This is the fifth column in a series
IN HIS “The Human Poetry of Faith: A Spiritual Guide to Life” (New York: Paulist Press, 2001, pp. 142), Father Michael Paul Gallagher, S.J., suggests that if people are going to appreciate the “surprise of Christ,” then they have to take time to think about what is deep in their own lives. They have to set aside quiet time to allow what is deepest in them and most important to them to come to the surface. Our culture doesn’t encourage this type of activity and the pace at which we live does not make it easy to be in touch with what is deepest in us.
Father Gallagher claims that if we give ourselves quiet time, we will soon be thinking about our relationships. He believes that if we listen to our own human depths with imagination and quiet, some major concerns will surface for us. One of those concerns he identifies is human relationships and the path to love.
One of the great blessings in life is friendship. As I age I appreciate friends more than ever. Perhaps I am becoming more reflective. Perhaps I am allowing myself more quiet time than I have in the past. Perhaps I am more grateful for life’s gifts. Whatever the reason, friends are almost at the top of the list when I reflect on what blessings I have received in my life and what I consider most important in my life.
Years ago, a number of men I knew well resigned from the priesthood. In recent years, one of their wives asked me why I hadn’t resigned.
Without even reflecting for more than a second or two, I said, “I have been blessed with great friends.”
My answer even surprised me. But later, when I had a chance to reflect on why I had given that answer, I realized what marvelous gifts friends have been to me in my life. I am in awe when I think of the love and genuine affection that friends have given me. Father Gallagher writes the following:
“We have a natural desire for God. Which means that our hearts are always on the watch-out for vision, love, fullness, surprise – if only we can emerge from the prisons of our smallest concerns. There is a readiness for the real God within us, not fulfilled by the god of complacent religion. …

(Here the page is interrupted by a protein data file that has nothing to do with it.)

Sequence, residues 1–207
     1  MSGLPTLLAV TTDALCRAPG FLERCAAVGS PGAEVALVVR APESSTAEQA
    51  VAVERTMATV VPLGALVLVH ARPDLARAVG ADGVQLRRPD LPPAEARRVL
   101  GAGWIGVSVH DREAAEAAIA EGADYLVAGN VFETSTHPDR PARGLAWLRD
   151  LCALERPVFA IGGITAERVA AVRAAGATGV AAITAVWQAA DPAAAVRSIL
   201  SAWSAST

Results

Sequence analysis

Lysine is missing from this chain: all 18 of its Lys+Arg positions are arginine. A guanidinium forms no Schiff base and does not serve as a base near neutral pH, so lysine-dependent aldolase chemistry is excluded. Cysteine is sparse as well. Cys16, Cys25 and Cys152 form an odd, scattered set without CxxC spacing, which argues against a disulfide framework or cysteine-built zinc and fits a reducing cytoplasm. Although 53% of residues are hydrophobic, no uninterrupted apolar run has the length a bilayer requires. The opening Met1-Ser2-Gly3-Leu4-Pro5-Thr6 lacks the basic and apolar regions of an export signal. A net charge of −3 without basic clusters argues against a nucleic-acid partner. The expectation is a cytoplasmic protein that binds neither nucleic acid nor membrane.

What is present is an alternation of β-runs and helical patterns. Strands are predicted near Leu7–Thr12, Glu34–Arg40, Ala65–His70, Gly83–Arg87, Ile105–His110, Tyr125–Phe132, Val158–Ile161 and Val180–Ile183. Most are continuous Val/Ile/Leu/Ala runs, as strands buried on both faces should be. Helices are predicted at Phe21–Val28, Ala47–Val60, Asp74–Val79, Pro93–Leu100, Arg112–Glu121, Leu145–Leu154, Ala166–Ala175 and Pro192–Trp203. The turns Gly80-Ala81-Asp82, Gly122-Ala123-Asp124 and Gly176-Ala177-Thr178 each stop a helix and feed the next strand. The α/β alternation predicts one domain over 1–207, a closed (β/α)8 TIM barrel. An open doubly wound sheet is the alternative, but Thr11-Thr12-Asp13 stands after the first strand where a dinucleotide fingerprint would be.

“Within ordinary human experience are untapped sources of wonder. Within easy reach of anyone is a different way of seeing things. I have been amazed to find how relatively effortless it is to open doors of new imagination for people. It is as if many of us are simply waiting for someone to come along with a key or a mirror – in order to open a door, or to see one’s depth. Jesus delighted in offering people freedom from their many prisons.” (p. 11)
In all of the philosophy courses that I teach at St. John’s University, I begin by explaining a distinction which the French Catholic personalist philosopher Gabriel Marcel made between a problem and a mystery. I do this in order to impress upon the students that studying philosophy should be an enjoyable, very relevant experience, which should help them understand themselves more deeply.
Problem vs. Mystery
Marcel claimed that a problem was external to the self. Examples might be a computer that doesn’t work or an automobile that won’t start. In principle, there is a final answer to a problem which we want to know and so that we might consult a computer expert or an auto mechanic. The mood in relation to a problem is curiosity. We want to know the solution.
A mystery always involves the self. The mystery of love cannot be thought about without thinking about our love relationships. The mystery of death cannot be thought about without thinking of our death.
The mystery of God cannot be thought about without thinking about our relationship – or lack of relationship – with God. The mood in approaching a mystery should be awe or wonder. Mysteries are awesome, mysteries are wonderful and though there is no final answer or solution to a mystery, we can always go deeper.
Though the pressures of undergraduate study of philosophy can make it difficult for students to remember that they’re being called to enter more deeply into the mystery of themselves and ultimately, the mystery of God, I hope that some succeed in entering more deeply into that mystery.
Father Gallagher has helped me to see that not only students but also all of us are called to enter into mystery – and to the extent that we succeed, our religious faith will illuminate how awesome and wonderful it is to be a Christian.
Father Robert Lauder, philosophy professor at St. John’s University, Jamaica, is the author of “Pope Francis’ Spirituality and Our Story” (Resurrection Press).